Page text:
Welfare Reform

December 20, 1967

Report Outline
Dissatisfaction with Welfare System
Grievances Against Public Assistance
Future Shape of Dependency Problem
Special Focus

Dissatisfaction with Welfare System

New Restrictions in Fedaral Welfare Laws

Controversy over welfare policy, stirred up by sharp differences on the proper way to handle what may be described as a welfare crisis, is likely to be intensified rather than stilled by the outcome of a bitter contest on the question between House and Senate. Major changes in federal welfare law—included in the conference agreement on the 1967 Amendments to the Social Security Act—were effected only by capitulation of the Senate to House demands. And the signs are that the matter will not be allowed to rest there.

The depth of the difference in outlook between the two houses, which reflected a comparable division in the population, was revealed when details of the conference report became known on Dec. 8. Six senators, including three members of the Finance Committee which had prepared the version of the measure originally approved by the Senate, assailed the conference compromise for its harsh and “regressive” provisions on public assistance to welfare recipients. Several of the protesting senators felt that the provisions were so damaging that the entire bill should be held over for reconsideration when Congress reconvened for its second session, Jan. 15, 1968.

Two provisions of the conference agreement raised particular objection: (1) the imposition of a ceiling on the number of children for whom the federal government would provide matching funds under the program for Aid to Families with Dependent Children, the limit being set at the percentage of children in each state on relief rolls on Jan. 1, 1968; and (2) a job training and employment requirement which critics said would virtually force the mothers of dependent children to take low-paying, menial jobs while leaving their young children under institutional care. Sen. Robert F. Kennedy (D N.Y.) called the welfare section of the bill “one of the most regressive pieces of legislation ever to emerge from a House-Senate conference, … a disgrace to all Americans, and an affront to … the poor.”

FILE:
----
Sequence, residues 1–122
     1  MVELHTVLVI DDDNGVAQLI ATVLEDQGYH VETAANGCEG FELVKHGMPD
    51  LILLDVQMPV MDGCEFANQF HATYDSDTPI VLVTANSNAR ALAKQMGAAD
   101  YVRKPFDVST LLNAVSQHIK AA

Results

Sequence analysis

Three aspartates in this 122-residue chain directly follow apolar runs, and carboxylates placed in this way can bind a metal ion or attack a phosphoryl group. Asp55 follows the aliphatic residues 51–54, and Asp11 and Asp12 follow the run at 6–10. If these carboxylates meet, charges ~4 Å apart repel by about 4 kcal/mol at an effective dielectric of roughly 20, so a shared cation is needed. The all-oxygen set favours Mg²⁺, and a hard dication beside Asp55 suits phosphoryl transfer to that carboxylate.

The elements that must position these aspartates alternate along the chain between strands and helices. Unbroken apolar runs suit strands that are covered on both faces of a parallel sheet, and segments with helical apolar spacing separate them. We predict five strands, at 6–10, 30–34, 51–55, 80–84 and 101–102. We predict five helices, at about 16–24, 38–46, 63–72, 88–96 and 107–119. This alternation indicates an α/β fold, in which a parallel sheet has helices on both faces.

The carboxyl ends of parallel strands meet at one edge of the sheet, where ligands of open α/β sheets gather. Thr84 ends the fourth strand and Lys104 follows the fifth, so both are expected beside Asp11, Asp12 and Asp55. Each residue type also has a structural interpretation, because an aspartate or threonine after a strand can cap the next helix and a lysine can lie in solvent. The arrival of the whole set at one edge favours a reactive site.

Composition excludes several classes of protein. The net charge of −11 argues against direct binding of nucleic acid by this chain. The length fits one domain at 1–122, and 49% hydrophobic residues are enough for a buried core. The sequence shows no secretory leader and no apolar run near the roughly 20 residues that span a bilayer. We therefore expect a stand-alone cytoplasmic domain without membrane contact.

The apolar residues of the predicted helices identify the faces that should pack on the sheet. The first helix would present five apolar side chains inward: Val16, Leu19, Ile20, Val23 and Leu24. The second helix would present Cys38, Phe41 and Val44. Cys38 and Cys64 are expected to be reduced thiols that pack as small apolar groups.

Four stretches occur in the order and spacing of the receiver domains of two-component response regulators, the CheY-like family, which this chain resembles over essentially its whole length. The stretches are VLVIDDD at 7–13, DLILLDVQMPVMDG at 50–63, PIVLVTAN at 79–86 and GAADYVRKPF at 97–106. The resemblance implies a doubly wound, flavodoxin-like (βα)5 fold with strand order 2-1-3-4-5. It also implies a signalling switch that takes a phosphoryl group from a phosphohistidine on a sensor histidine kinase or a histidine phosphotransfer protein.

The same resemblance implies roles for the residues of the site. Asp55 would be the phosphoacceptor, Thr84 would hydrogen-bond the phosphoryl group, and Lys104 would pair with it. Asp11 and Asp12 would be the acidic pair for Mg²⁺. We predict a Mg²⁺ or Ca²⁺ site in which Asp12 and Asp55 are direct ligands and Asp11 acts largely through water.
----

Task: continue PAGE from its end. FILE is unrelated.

ISSUE TRACKER for Related Reports
Welfare
Aug. 2010  Social Welfare in Europe
Aug. 03, 2001  Welfare Reform
Dec. 06, 1996  Welfare, Work and the States
Sep. 16, 1994  Welfare Experiments
Apr. 10, 1992  Welfare Reform
Oct. 10, 1986  Working on Welfare
Mar. 09, 1984  Social Welfare Under Reagan
Apr. 17, 1981  European Welfare States Under Attack
Dec. 09, 1977  Welfare in America and Europe
Nov. 21, 1975  Future of Welfare
Dec. 20, 1967  Welfare Reform
Jun. 08, 1966  Guaranteed Income Plan
Oct. 04, 1961  Public Welfare Policy
Mar. 09, 1954  Worker Welfare Funds
Jul. 20, 1950  Welfare State
May 07, 1947  Union Welfare Funds
Jan. 10, 1940  Expansion of the Food-Stamp Plan
BROWSE RELATED TOPICS:
Budget Process
Welfare and Welfare Reform